Yes, definitely, especially as I’ve been writing and leading sessions on self-care, it’s been important for me to see self-care as grounded in the work and rest of God.
Come unto me and I will give you rest. I have heard this so often, but hadn’t thought about it in the frame of trust. Come to me, trust in me, leave your cares with me, and you will find the rest that only I can give. Why have I missed this aspect of God’s grace in the form of rest and trust?
I think one of the reasons we often miss this is what John Koessler calls “the productivity trap,” where we get so caught up in doing things to the point of depending on our own efforts. Instead of relying on ourselves, we need to re-learn rest and trust in God.
I love these radical thoughts about rest! The one that I can especially relate to is the rest to be found in solitude and silence. It really is a gift like none other because it draws us closer to the heart of God as we become more receptive to His voice. Thanks for sharing snippets from this book. It sounds like a great resource for us all. ❤
Thank you for dropping by, Joy, and for your example of resting in God. I love the author’s description of solitude and silence as “countermeasures” to what he describes as “the productivity trap” of the world. And as you mention, the rest found in solitude and silence is a beautiful gift.
“Rest is … Jesus”
I like that. I bring my feelings to him each day.
“We do not have to produce to be loved and accepted by him.”
This is a good reminder of God’s unconditional LOVE.
What a beautiful kingdom of rest, Louise!
April, your posts on self-care have been a balm to my soul as I continue to plod through recovery. And I’m especially drawn to the quote about falling asleep in worship. 🙂 Thanks for this post and the opportunity to enter to win a copy of this book. Sounds like a great resource both for the individual and the church.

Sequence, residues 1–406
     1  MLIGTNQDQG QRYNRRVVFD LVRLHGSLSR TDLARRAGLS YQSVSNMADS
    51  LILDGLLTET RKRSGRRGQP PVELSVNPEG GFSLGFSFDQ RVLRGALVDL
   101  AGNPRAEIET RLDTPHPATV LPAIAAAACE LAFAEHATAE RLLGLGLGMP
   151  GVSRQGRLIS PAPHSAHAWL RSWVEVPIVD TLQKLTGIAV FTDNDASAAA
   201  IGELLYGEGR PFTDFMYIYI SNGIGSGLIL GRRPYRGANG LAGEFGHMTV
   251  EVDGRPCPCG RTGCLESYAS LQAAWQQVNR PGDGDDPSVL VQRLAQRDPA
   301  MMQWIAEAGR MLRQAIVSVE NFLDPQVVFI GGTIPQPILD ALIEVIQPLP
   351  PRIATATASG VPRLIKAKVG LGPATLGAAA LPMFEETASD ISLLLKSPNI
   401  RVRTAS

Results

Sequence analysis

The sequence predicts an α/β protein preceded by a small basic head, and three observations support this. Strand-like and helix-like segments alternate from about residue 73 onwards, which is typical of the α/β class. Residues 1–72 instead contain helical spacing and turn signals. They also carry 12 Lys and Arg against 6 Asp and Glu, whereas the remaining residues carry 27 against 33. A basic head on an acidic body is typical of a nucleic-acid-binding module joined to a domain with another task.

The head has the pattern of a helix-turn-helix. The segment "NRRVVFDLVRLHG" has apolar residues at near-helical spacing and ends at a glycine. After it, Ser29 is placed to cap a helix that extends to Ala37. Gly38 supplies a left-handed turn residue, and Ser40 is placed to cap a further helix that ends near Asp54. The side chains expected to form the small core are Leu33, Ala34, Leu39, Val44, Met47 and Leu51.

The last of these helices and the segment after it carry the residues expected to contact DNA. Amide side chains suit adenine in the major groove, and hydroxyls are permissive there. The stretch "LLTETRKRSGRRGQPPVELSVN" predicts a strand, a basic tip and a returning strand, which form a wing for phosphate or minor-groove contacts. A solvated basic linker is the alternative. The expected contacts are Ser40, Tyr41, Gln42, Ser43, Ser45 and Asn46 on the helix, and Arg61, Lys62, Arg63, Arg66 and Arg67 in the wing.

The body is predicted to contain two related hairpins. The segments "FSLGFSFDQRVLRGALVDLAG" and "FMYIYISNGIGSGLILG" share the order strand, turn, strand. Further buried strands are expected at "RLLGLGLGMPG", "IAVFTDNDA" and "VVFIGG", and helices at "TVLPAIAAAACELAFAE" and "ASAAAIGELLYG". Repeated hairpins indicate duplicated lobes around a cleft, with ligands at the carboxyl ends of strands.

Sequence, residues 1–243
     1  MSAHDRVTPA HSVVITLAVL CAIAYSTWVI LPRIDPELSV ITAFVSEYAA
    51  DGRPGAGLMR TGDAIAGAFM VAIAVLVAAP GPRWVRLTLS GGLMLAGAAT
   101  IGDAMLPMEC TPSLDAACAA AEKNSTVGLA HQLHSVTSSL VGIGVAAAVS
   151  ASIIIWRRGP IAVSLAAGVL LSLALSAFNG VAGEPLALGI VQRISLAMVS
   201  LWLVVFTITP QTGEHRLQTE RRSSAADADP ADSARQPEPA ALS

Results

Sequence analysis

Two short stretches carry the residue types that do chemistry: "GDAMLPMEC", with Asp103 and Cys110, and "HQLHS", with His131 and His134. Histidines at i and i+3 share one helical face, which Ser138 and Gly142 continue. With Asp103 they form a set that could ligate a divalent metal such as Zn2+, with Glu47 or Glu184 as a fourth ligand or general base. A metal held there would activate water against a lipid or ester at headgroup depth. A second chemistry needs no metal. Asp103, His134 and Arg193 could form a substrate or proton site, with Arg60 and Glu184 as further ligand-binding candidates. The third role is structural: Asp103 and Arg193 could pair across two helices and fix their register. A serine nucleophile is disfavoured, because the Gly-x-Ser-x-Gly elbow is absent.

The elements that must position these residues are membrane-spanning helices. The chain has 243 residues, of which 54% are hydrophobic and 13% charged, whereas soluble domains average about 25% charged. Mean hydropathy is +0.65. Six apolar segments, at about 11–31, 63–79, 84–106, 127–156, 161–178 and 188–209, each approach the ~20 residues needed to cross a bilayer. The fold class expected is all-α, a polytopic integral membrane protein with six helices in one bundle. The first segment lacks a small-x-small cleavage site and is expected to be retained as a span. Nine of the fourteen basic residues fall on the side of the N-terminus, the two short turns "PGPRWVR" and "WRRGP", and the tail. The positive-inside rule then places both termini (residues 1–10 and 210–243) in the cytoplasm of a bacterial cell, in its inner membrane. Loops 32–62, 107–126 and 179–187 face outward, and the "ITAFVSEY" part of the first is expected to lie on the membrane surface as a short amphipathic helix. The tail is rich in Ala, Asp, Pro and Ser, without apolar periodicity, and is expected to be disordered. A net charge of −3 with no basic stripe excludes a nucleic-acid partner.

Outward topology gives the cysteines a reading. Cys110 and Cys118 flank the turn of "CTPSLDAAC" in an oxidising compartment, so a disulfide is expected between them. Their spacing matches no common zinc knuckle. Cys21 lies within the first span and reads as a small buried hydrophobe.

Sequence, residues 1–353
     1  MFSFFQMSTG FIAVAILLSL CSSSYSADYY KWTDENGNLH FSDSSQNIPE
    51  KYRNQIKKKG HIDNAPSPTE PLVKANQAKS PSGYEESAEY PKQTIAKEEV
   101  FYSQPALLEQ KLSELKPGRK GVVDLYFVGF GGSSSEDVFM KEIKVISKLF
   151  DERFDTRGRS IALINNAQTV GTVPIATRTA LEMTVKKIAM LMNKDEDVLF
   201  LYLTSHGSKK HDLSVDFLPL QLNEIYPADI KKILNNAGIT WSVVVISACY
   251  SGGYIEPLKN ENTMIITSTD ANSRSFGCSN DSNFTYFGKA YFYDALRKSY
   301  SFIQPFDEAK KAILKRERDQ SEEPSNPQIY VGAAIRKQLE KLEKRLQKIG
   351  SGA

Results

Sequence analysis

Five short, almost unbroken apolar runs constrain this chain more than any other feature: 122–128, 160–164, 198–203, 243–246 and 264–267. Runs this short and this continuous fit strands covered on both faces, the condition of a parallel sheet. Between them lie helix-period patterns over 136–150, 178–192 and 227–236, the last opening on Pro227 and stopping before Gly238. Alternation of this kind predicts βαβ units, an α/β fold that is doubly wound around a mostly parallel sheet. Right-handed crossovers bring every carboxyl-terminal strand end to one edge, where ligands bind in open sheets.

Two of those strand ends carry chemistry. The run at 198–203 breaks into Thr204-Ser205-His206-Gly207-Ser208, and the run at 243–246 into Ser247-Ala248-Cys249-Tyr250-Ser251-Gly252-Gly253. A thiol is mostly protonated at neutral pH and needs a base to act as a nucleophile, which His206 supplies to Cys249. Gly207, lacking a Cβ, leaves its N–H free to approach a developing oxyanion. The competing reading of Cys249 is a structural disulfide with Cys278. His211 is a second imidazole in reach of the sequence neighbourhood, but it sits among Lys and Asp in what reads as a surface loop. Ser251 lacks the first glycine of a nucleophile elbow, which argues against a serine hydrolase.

I’m glad to hear from you, Sherrey, and pray for your continued recovery. As you point out, this is a helpful book for both individuals and churches, and includes helpful questions for both.
The other day, after a rather busy time I put my deck chair in the garden and just lay back, looking up at the branches of the maple tree above me. I heard some birds chirping and it just felt very peaceful. My whole body relaxed and I was at rest.
Thank you for sharing, Elfrieda – I can feel myself relaxing just imagining the scene!
Thanks for sharing the snippets from the book. I remember requesting the song written by Harris Loewen, or others in the musical group back in the early 1970s, “Come unto me if you are weak and laden….I’ll give you rest.” It was for my son’s Derek’s memorial service. His sudden death created all kinds of anxiety and this verse comforted me…reassuring me that I could trust, not fear and rest in the palm of God’s hands. This book seems to send that affirming message about rest as well, and that there are times in our lives where we are just to be and not do. I like the comparison to “having eyes to see, not just ears to hear.”
Yes, we rest in God, even in times of anxiety and fear, and I appreciate your sharing such a reassuring example of that from Derek’s memorial. It expresses so well what the author says about rest not being the absence of fear, but the presence of trust.
Such an important topic in this day and age. Thanks April for bringing it to our attention. I think the church has forgotten what rest really means. Good reminder.
Yes, it seems that individuals, families, and the church all need this message. I think the author does an especially good job in describing the church and the productivity trap.
Restful…Rest Full…Full of Rest… Perhaps the Fullness of God (who rested) has a connection to being Restful.
There’s a paradox too since while God rests, God is also at work, and John Koessler explores that as well in his book.
The pursuit of rest contradicts everything that society screams at us, so these points are both paradoxical and inspiring. I love the idea that falling asleep in church could actually be a good thing!
Now that I’m at a deliberately liturgical church, I especially love the way that idea came from the author’s colleague at a liturgical church. I’ve never come close to falling asleep during worship, but I do find it restful in the best sense of the word!
Rest must be the opposite of rush. Even as a retired person my task oriented personality keeps telling me to rush to “get all these things done,” I need to go back and linger over your self care blogs. But this sounds like a great book.
I love to be active and get things done too, but I also sense a difference between acting out of a deep sense of abiding in Christ and acting in a spirit of hurry, i.e., acting out of rest or rush. I’m still learning to discern between the two.